Seven Samurai: Criterion Collection
October 3, 2006
Without a doubt, Akira Kurosawa’s Seven Samurai (1954) is the most famous samurai film ever made. It spawned countless imitators all over the world, including Hollywood (most famously remade as the also legendary western, The Magnificent Seven). More importantly, it stands as a powerful statement on the nature of loyalty and honour and a condemnation of the nature of oppression and the futility of war.
A 16th century Japanese village has been ravaged by land tax, forced labour, war, drought and now a deadly band of bandits who take their rice and barley, leaving them with nothing to show for their hard work. The villagers are desperate and heartbroken. They debate about whether to fight back or continue to meekly accept their lot in life. The village elder recommends that they hire hungry samurai to help, with the sage (if not slightly funny) metaphor, “Even bears come down from the mountains when they’re hungry.”
Kurosawa doesn’t sugarcoat the farmers’ impoverished conditions. These are extremely trying times for them and it is visible on the close-ups of their fearful, tired and angry faces. They have nothing left to lose and it makes us extremely sensitive to their cause. A glimmer of hope comes with the arrival of Kambei (Shimura), a veteran samurai passing through and who ends up quickly dispatching a thief who takes one of the villagers’ babies. It is at this point that they know they have found someone who might be sympathetic to their plight.
Accompanying him (sort of) is a young man hoping to be his apprentice and a wild and impulsive samurai by the name of Kikuchiyo (Mifune). Kambei is a thoughtful tactician who figures that they’ll need at least seven samurai to have any kind of chance against forty bandits. He’s a decent man and Takashi Shimura brings a quiet dignity to the role. Kikuchiyo, on the other hand, is in it for the challenge and the visceral thrill of battle. Toshiro Mifune attacks his role with wild abandon, stealing every scene he’s in as well as providing a lot of the film’s lighter moments (especially when he’s drunk). He brings a real physicality to the role which is a nice contrast to Shimura’s more intellectual approach. They play well off each other as Mifune gleefully chews up the scenery while Shimura shows restraint.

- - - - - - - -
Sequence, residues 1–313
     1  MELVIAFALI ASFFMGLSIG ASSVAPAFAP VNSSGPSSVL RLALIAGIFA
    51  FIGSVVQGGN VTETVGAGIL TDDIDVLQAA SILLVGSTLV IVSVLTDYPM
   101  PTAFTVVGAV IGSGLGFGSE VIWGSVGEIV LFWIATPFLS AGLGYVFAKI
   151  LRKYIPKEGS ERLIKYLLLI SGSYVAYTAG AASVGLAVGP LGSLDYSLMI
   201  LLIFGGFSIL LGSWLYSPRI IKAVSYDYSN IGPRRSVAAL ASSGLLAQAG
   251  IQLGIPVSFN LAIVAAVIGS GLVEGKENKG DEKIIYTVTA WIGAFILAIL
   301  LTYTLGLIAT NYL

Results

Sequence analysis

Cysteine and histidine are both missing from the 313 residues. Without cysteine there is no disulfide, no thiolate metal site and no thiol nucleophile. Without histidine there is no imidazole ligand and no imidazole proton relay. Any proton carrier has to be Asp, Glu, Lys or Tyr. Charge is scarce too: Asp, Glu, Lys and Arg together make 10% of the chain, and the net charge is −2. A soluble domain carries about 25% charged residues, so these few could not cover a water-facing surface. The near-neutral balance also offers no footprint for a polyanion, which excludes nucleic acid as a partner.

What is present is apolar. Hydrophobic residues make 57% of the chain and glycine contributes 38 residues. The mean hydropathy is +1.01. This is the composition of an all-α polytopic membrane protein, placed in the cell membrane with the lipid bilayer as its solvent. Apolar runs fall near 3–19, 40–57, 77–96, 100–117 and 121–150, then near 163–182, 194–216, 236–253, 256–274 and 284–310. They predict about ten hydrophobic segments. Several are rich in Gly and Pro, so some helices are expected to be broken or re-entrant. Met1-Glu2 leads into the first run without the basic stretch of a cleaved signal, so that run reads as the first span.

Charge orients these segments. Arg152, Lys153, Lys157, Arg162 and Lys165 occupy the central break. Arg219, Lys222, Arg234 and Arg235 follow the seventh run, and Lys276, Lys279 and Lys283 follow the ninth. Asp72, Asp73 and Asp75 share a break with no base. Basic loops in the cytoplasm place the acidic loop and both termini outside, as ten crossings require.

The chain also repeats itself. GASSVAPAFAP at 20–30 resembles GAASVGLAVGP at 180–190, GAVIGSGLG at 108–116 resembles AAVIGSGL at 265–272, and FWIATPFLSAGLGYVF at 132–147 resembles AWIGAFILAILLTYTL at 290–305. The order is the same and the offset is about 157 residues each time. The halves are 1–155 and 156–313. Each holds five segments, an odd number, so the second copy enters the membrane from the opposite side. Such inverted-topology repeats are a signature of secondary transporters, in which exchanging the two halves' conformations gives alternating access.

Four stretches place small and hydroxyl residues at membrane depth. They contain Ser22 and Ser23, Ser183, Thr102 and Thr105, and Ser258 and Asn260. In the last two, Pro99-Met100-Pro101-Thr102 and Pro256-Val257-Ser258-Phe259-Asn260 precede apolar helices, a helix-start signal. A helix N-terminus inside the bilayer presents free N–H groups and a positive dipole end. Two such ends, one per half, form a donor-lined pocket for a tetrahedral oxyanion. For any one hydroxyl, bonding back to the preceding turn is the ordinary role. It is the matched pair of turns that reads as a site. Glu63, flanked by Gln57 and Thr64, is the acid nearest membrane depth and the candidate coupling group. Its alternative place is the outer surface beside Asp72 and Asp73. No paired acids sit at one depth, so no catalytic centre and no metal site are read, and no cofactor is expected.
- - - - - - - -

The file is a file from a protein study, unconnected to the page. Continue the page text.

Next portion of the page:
Kambei proceeds to recruit six other samurai, each with their own strengths and own unique traits. He is up front with them all: there is no chance of monetary reward or rank, just enough food to eat for as long as they fight. They also stand a real chance of not surviving this battle against such overwhelming odds. Once Kambei has picked the men he needs, they proceed to draw up plans in the hopes of succeeding against insurmountable odds.